Isoliquiritigenin (ISL), a simple chalcone derivative, 4,2′,4′-trihydroxychalcone, found in licorice, shallot and bean sprouts, has been reported to have chemoprotective effects. To examine the effects of ISL on the growth of prostate cancer cells, we cultured MAT-LyLu (MLL) rat and DU145 human prostate cancer cells with various concentrations (0-20 μmol/L) of ISL. Treatment of the cells with increasing concentrations of ISL led to dose-dependent decreases in the viable cell numbers in both DU145 and MLL cells (P<.05). Hoechst 33258 dye staining of condensed nuclei and annexin V binding to surface phosphatidylserine revealed increased numbers of apoptotic cells after ISL treatment. Western blot analysis revealed that ISL increased the levels of membrane-bound Fas ligand (FasL), Fas, cleaved casapse-8, truncated Bid (tBid), Bax and Bad in DU145 cells (P<.05). Isoliquiritigenin increased the percentage of cells with depolarized mitochondrial membranes, in a concentration-dependent manner (P<.05). Isoliquiritigenin induced the release of cytochrome c and Smac/Diablo from the mitochondria into the cytoplasm (P<.05). Isoliquiritigenin dose-dependently increased the levels of cleaved caspsase-9, caspase-7, caspase-3 and poly(ADP-ribose) polymerase (P<.05). The present results indicate that ISL inhibits prostate cancer cell growth by the induction of apoptosis, which is mediated through mitochondrial events, which are associated with an evident disruption of the mitochondrial membrane potential, and the release of cytochrome c and Smac/Diablo, and the activation of caspase-9.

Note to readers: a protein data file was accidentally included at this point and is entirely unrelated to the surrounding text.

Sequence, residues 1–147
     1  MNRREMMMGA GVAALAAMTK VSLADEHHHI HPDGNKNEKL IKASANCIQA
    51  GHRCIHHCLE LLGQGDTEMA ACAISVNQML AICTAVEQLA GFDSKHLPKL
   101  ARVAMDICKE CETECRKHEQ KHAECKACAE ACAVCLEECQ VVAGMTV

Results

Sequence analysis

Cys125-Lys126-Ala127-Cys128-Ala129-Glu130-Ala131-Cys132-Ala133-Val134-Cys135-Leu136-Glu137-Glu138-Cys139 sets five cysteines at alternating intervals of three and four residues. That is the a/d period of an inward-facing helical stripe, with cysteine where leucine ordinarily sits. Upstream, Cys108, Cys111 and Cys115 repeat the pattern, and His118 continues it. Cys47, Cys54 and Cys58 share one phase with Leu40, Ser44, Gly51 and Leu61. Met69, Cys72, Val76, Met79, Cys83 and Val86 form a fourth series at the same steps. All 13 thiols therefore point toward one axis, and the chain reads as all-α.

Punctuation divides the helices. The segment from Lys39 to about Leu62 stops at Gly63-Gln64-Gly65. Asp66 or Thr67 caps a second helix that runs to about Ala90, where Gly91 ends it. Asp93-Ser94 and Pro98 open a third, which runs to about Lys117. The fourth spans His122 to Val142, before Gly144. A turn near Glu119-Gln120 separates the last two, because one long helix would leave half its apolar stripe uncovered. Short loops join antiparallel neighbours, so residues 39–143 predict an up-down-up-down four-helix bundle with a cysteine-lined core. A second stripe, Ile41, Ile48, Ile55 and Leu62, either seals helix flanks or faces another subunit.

Bibliographical noteFunding Information:
Supported by the Basic Research Program of the Korea Science and Engineering Foundation (R01-2004-000-10177-0), research grants from the Korea Science and Engineering Foundation (KOSEF) for Biofoods Research Program, Ministry of Science and Technology, and a research grant from Hallym University, Korea.
All Science Journal Classification (ASJC) codes
- Endocrinology, Diabetes and Metabolism
- Molecular Biology
- Nutrition and Dietetics
- Clinical Biochemistry